Interpretation of Extended Empirical Orthogonal Function (EEOF) Analysis

View More View Less
  • 1 Department of Meteorology, Naval Postgraduate School, Monterey, California
© Get Permissions
Full access

Abstract

Application of an empirical orthogonal function (EOF) analysis to a data matrix that contains two or more variable fields has been referred to as extended EOF (EEOF) analysis. Coherence between individual features contained within one EEOF has been implied to represent interrelationships between the fields (in the case of a combination of different variables) or propagating features (in the case of the same field at different times). However, caution must be exercised in the interpretation of interrelationships within one EEOF because the derivation of the EEOFs is based on the optimization of the variance of every EEOF as an entity and may not indicate correlations among substructures within one EEOF. These types of problems associated with interpretation of EEOF analyses are highlighted through an analytic example and application to a dataset with known statistical properties.

Although other multivariate analysis techniques such as singular value decomposition and canonical correlation analysis are being used with more frequency, it is important to highlight potential difficulties associated with the EEOF technique that has been an integral analysis tool in meteorological research.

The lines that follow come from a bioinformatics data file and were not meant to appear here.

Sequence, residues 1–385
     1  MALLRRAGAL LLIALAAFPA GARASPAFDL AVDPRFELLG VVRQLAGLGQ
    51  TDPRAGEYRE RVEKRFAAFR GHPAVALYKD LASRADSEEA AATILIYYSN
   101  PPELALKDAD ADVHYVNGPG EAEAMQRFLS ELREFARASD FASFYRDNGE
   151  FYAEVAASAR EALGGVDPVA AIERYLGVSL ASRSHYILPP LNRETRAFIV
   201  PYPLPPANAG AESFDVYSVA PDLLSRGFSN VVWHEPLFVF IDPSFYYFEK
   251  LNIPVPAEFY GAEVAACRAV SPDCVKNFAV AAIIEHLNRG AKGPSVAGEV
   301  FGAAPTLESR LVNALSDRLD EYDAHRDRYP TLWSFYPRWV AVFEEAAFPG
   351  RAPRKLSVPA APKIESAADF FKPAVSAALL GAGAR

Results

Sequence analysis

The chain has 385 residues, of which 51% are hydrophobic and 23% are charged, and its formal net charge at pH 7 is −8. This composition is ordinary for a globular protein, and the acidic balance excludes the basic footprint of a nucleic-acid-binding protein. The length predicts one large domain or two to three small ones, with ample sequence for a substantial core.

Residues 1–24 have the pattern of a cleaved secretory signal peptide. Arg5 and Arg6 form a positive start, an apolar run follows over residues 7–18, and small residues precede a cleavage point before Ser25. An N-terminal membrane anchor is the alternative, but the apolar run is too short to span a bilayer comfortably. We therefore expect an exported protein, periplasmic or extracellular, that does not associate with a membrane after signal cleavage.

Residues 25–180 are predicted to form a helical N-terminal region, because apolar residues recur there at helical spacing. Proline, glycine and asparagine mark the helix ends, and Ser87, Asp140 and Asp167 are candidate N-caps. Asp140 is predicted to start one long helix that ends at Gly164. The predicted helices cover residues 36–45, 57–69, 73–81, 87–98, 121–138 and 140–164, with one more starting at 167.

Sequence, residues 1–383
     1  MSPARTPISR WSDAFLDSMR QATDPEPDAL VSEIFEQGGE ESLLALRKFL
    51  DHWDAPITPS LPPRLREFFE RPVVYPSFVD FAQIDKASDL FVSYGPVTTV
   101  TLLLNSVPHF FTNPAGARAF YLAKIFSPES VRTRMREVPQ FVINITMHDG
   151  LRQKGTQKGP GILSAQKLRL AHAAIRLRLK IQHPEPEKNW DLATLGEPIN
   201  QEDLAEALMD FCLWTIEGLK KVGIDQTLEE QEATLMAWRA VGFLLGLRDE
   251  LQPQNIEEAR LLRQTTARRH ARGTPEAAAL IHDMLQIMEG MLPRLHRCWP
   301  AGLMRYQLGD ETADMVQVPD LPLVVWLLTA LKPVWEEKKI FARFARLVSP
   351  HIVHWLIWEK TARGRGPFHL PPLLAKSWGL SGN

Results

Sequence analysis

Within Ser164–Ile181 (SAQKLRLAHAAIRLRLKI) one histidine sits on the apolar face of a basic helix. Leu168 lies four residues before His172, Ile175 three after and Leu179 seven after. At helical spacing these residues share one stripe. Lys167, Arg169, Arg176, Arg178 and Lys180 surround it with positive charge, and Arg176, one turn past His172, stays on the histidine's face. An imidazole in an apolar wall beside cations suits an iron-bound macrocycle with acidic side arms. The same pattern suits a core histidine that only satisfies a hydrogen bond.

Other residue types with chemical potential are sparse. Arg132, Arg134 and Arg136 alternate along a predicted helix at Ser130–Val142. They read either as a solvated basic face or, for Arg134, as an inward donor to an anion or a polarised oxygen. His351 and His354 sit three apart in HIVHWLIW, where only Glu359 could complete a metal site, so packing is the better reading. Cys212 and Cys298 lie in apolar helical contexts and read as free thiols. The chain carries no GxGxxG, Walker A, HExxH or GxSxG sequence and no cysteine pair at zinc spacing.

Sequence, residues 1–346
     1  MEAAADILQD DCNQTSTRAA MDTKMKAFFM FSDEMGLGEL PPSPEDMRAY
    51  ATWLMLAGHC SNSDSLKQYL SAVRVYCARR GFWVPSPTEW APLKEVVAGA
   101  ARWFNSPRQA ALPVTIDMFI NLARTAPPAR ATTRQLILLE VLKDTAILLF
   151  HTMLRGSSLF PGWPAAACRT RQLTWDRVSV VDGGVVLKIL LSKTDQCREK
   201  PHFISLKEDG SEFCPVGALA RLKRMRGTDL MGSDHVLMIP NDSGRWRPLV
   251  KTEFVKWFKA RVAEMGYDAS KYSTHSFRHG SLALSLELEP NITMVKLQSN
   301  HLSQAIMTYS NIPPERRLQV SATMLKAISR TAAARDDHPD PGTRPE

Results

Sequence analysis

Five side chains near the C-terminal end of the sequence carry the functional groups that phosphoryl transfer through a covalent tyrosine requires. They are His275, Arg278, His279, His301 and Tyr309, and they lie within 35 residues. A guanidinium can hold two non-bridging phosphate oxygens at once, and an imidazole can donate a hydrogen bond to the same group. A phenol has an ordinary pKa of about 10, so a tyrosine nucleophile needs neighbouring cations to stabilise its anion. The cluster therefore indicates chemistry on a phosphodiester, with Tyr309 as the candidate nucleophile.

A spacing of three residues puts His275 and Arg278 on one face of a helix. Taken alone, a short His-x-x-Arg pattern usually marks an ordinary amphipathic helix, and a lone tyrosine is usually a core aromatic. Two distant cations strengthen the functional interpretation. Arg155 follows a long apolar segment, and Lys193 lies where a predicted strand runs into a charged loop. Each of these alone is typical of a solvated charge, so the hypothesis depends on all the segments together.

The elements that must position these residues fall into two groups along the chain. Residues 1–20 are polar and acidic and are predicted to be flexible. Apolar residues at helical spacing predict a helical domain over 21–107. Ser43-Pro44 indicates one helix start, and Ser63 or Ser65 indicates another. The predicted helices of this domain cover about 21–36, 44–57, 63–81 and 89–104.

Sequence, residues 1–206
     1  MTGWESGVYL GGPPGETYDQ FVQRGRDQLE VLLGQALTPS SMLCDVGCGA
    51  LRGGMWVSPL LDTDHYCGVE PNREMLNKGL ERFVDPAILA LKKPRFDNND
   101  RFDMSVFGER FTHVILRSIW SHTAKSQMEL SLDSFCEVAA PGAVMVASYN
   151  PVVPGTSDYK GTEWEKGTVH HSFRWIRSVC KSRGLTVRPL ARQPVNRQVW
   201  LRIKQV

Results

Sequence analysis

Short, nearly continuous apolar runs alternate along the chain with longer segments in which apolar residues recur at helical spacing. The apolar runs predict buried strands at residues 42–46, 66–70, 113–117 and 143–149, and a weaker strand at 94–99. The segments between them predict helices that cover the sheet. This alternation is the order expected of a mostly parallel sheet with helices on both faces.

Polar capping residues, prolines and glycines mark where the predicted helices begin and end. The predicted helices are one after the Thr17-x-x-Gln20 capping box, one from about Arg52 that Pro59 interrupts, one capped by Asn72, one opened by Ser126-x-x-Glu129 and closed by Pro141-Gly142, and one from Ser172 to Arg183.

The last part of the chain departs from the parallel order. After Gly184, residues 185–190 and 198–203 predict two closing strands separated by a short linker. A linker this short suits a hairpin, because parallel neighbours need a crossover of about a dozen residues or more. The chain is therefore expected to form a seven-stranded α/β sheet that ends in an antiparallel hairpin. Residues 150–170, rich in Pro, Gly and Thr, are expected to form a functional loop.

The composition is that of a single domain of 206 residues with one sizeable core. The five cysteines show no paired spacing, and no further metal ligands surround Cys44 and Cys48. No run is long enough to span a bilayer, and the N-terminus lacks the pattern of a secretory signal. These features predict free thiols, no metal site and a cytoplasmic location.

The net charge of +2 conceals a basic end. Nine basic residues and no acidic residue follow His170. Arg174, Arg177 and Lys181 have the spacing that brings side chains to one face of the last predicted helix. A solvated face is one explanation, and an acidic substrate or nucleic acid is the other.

Abstract

Application of an empirical orthogonal function (EOF) analysis to a data matrix that contains two or more variable fields has been referred to as extended EOF (EEOF) analysis. Coherence between individual features contained within one EEOF has been implied to represent interrelationships between the fields (in the case of a combination of different variables) or propagating features (in the case of the same field at different times). However, caution must be exercised in the interpretation of interrelationships within one EEOF because the derivation of the EEOFs is based on the optimization of the variance of every EEOF as an entity and may not indicate correlations among substructures within one EEOF. These types of problems associated with interpretation of EEOF analyses are highlighted through an analytic example and application to a dataset with known statistical properties.

Although other multivariate analysis techniques such as singular value decomposition and canonical correlation analysis are being used with more frequency, it is important to highlight potential difficulties associated with the EEOF technique that has been an integral analysis tool in meteorological research.

Save